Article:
In some ways yes, in some ways no. Yes in that it made me realize that our borders are not impregnable (sp?). We are at risk for terrorism like the rest of the world. Yes in that I value my civil liberties even more and am more actively angry that John Ashcroft is attempting to combat terrorism by throwing some of my civil liberties and rights to privacy out the window. Yes in that I realize that we are all in a weird mix. I am proud to be an American and am as patriotic as the next person but I am not blind to the fact our attitudes are not well received throughout the world. No in that, on one of the worst days in American history, our infrastructure outside of NYC wasn't even SCRATCHED. My friend Julie was able to e-mail her cousin who was stationed on the USS Theodore Roosevelt. (He couldn't e-mail back because they were on a security alert, but he did get the e-mail from her.) In the midwest, our phones were untouched. Mitch's daughter e-mailed me the very next day (although she had to go to a friend's house in NJ to do it, her phones were screwed up). Most of us still had business as usual. No in that my political views are pretty much the same.

What do you think should be remembered about September 11th?

That it probably surprised the terrorists that we didn't crump over this. I think most of our enemies in history have made the mistake that, because we are a "mongrel nation" of sorts, with a lot of pleural views and cultures, that we're weak because of it, and can be fragmented. On the contrary, it's what makes us strong....you might say it's a form of "hybrid vigor". Totalitarian regimes just don't get it, they try to break us, and they (so far) have always failed.

Did you fly an American flag after the events of September 11th?

I got a flag decal for my car and I did fly the flag as part of the President's request to do so for 30 days. I was glad I already had a flag because there was a run on them, too! I joked that the Republicans bought up all the flags so the Democrats would look like pinko traitors. Over the following year, I have found myself being really angry that some Republicans have played this game where they're the only real patriots and that if you question the President at all, you're a traitor. People have a short memory. My grandmother told me Republicans "pissed and moaned" about FDR all the time, even during the war. To hear it on TV now, you'd think no one ever uttered a harsh word about FDR from 1941-45. Of course, most of the people who remembered that are all dead, so it's easy to revise history. I've always felt soft and squishy about the flag. I think one of my favorite sports memories was the 1980 miracle on ice in the Olympics where the hockey player was wrapped in it. That's why I can't believe all the recent flap about the pledge of allegiance. Once again, people have a short memory. My mom grew up before "under God" was put in the pledge and she still goofs it up and occasionally says, "one nation indivisible". The other funny thing about the Pledge is that most people don't realize it was written in 1892 by a Baptist minister who was also a "Christian Socialist" for a model Columbus Day program provided by the National Education Association! Only in America, right? Only in America can a pinko preacher write something for the teachers' union that the right wing hates and it becomes a national icon. I like his original pledge better. It goes, "I pledge allegiance to MY flag and to the republic for which it stands, one nation indivisible, with liberty and justice for all." He was a BAPTIST and he wasn't all hung up w/putting God in it! I like the "my flag" concept of the original one, too. He wanted to also put the word "equality" in but he knew some school superintendents in the south would reject it because of the civil rights controversies at the time. But that's the deal, right? Our flag unites our strange little mongrel nation and only in America can you go from the outhouse to the penthouse. What a country! (To borrow from Yakov Smirnoff, the comedian.)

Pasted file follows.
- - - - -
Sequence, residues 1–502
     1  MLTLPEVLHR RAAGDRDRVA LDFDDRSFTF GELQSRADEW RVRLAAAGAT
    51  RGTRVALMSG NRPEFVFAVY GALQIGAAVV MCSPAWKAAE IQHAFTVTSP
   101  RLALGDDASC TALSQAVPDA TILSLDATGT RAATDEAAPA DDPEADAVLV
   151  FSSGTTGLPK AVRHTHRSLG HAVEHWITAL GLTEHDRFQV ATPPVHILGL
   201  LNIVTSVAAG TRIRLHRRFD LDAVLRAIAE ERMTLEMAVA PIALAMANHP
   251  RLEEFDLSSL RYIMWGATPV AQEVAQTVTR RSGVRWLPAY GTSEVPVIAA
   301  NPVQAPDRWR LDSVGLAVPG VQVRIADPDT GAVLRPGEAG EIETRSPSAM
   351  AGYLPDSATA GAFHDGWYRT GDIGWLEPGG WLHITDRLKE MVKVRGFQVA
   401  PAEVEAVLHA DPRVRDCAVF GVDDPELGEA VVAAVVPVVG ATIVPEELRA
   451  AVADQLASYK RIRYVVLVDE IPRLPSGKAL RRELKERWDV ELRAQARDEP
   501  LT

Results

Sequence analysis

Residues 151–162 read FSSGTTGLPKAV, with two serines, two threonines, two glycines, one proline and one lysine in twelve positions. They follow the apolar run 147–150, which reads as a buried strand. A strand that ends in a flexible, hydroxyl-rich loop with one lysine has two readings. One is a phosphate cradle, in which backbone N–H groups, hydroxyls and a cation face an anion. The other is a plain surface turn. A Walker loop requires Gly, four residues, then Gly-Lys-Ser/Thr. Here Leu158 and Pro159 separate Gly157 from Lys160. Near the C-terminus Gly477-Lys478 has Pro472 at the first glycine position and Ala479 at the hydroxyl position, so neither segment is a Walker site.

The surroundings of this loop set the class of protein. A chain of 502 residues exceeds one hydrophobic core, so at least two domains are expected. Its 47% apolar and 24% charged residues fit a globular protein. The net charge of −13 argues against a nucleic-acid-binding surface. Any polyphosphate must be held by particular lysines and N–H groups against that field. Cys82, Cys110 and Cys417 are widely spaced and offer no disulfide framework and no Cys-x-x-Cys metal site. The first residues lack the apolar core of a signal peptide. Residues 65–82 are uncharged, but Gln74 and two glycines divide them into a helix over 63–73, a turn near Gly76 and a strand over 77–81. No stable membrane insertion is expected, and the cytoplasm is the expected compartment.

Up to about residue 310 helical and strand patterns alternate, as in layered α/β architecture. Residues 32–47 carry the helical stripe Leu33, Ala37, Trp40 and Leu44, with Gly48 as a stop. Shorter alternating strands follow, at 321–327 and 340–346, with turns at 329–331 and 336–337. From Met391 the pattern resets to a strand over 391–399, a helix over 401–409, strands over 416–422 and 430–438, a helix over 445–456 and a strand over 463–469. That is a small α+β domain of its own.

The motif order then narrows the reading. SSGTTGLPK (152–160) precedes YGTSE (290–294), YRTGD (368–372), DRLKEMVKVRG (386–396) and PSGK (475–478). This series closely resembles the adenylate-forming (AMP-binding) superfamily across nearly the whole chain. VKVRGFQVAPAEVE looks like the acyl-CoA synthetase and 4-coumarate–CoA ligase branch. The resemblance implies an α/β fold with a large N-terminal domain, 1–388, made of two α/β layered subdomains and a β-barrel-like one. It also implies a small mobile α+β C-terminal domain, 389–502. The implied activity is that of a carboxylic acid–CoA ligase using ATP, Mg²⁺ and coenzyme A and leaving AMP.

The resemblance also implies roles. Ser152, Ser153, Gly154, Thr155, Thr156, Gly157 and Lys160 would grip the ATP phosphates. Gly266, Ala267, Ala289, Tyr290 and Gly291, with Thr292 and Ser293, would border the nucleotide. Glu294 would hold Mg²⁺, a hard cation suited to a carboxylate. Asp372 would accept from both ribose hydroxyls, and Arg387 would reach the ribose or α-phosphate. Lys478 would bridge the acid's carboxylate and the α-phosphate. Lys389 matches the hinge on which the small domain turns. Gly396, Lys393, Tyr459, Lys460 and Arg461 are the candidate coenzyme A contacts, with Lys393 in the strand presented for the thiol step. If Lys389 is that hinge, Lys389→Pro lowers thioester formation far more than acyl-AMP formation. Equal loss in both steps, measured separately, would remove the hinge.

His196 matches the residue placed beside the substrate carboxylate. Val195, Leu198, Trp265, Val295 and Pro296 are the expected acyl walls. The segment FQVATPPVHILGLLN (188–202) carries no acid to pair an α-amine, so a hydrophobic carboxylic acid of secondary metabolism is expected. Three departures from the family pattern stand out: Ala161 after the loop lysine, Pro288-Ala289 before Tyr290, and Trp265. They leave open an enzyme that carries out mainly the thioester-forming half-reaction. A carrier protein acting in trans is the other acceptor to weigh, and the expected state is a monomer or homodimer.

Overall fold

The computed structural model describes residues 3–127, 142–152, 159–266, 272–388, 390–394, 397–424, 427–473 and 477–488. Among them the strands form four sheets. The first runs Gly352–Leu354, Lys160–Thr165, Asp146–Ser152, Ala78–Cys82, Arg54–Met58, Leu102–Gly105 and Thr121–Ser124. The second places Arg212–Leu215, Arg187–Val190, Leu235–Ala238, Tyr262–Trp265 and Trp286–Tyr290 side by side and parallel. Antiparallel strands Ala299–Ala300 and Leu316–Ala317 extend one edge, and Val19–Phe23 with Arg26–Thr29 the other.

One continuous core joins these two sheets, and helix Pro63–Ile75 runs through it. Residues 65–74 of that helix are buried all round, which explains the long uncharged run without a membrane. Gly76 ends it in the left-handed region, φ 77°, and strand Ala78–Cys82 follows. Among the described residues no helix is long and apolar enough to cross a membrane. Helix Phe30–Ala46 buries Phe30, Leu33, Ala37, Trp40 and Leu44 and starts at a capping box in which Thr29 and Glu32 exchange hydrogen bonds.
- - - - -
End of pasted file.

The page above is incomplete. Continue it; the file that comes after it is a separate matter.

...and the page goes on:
Cite as: Maria L. Evans, Smithsonian Story #317, The September 11 Digital Archive, 20 August 2002, <http://911digitalarchive.org/smithsonian/details/317>.
Archival Information: 651 words, 3412 characters